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How to make your job application stand out
In the digital era, applying for jobs has never been easier. However, a consequence of this – along with the effects of COVID-19 on employment – is that applications per role are sky-high.
In a competitive job market, a standout job application is worth its weight in gold. A study revealed recruiters spend just 7.4 seconds looking at the resumes of job seekers – so being able to make an impression quickly is essential.
So, what can you do to make your job application stand out from the pack?
Follow these tips to make changes to your job application and improve your chances of success for a job interview.
1. Tailor your application to the job
This first tip is the most time-consuming, and as a result, the most ignored. However, to get noticed, it’s crucial to make your application relevant to the specific role you’re applying for.
Generic cover letters and CVs that do not highlight the required skill set will be overlooked, and yet, recruiters and hiring managers continue to see a lot of “cut-and-paste jobs”. A recruiter can quickly spot these types of applications, and it usually means it will go straight into the no pile.
It’s understandable – applying for a job is difficult and takes time. But it’s important to tailor your resume to the role to make your application stick out, and show that you’ve done your homework and research about the company and the role. It quite simply could mean the difference between getting a new job or not.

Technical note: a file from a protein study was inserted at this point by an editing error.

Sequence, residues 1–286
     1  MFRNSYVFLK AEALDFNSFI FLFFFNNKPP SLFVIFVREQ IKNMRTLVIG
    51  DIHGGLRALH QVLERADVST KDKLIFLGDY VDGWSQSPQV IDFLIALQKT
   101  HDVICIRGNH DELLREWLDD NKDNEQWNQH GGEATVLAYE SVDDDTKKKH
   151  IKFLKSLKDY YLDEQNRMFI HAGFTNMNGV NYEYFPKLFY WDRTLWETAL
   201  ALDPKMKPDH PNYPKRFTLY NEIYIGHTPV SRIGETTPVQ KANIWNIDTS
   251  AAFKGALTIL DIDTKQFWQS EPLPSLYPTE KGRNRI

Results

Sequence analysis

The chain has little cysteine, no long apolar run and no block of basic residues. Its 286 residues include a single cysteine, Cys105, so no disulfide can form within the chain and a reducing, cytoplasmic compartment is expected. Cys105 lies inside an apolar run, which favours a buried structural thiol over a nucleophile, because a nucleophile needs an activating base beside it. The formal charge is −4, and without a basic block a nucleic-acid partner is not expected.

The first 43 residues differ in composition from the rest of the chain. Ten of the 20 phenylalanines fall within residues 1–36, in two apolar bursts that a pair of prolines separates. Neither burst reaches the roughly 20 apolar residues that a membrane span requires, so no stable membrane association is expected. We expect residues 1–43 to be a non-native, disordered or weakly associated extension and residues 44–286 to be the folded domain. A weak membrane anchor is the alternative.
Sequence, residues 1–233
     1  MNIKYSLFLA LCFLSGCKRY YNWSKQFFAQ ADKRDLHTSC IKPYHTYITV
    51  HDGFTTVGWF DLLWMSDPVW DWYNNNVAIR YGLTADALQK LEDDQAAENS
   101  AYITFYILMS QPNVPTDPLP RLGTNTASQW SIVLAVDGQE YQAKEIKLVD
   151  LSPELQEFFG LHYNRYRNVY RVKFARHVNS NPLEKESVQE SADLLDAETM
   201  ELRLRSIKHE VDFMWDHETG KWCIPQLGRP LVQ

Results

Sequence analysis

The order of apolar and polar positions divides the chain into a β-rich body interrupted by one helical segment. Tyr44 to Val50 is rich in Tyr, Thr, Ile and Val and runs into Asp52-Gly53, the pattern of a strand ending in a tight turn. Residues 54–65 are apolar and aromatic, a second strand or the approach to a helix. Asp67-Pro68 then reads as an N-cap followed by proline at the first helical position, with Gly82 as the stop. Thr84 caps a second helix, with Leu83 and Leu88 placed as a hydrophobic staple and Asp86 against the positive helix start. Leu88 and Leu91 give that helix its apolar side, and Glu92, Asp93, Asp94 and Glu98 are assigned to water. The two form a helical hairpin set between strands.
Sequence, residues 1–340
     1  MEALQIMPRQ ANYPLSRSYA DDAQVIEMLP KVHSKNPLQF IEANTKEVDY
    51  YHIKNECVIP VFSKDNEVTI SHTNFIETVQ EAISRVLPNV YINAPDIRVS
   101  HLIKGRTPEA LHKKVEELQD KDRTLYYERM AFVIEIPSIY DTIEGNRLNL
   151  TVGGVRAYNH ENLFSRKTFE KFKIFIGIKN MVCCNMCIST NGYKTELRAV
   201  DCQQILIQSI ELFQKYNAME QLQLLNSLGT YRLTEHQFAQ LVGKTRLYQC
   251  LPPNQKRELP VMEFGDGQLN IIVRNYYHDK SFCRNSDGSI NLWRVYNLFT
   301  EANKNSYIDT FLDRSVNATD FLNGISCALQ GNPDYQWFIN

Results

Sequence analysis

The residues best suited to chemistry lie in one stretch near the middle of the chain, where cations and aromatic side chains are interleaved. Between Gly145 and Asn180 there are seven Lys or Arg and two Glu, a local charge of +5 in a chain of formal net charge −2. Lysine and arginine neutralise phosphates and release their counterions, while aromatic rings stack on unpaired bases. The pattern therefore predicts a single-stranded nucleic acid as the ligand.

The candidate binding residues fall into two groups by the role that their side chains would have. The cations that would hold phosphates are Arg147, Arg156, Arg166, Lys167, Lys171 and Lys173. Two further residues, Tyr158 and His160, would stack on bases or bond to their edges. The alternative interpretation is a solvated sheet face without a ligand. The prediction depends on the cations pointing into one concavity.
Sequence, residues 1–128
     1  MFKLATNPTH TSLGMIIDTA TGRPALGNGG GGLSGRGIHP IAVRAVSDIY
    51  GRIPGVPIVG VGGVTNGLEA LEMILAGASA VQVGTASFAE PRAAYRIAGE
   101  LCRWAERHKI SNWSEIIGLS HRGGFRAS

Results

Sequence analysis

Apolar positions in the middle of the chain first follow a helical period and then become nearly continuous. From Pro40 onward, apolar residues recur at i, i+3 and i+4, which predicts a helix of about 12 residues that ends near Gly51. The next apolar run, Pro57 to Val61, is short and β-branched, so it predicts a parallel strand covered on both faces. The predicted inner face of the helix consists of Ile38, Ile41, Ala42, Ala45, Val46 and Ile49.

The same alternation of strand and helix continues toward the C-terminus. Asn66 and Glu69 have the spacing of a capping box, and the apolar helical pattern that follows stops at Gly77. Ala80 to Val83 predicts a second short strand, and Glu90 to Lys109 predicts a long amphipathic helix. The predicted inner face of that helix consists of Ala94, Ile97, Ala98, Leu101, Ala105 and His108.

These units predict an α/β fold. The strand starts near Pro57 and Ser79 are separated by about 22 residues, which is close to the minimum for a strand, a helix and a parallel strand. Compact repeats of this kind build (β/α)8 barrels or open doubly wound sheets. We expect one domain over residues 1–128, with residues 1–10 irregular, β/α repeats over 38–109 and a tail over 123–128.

2. Make your resume easily skimmable
Imagine you’re a hiring manager and you receive over 100 cover letters and resumes to sift through to find the right person for the job. With that kind of volume, applications that are clearly laid out using the right font and paragraph breaks are most likely to get noticed.
CVs and cover letters featuring large blocks of text, hard-to-read fonts, tiny words and messy formatting may well be ignored immediately.
The bottom line? Don’t make it difficult to decipher your application. If it’s not succinct and logical, it will end up in the rejection pile.
3. Use the right keywords
One of the best ways you can make your application stand out is to make it more findable.
This involves using specific keywords for skills that recruiters or hiring managers might be looking for in your resume and cover letter. If you’re not sure where to start, pick out the main skills and qualifications from the job description that apply to your experience and qualifications.
That way, if search tools are being used to search a database for a potential candidate, yours will show up in the search results. Be sure to integrate these words and phrases into your application naturally in sentences, rather than awkwardly listing words somewhere on the page.
4. Proofread, proofread, proofread
Hiring managers aren’t very forgiving when it comes to spelling mistakes. In fact, just one or two errors or typos in your application could mean that your application is rejected entirely.
It’s hard to come back from this kind of error, particularly if ‘attention to detail’ is a requirement of the job or one of the items you list as a strength – so don’t sabotage your chances with a lazy mistake before you can even make a good impression.
Ideally, you will have a pedantic friend or family member proofread your application before you send it away. If you’re happy to do the spellchecking yourself, take a break or wait a day after writing the job application letter to ensure you’re approaching it with a fresh set of eyes.
RELATED: How to write the perfect resume
5. Be results-focused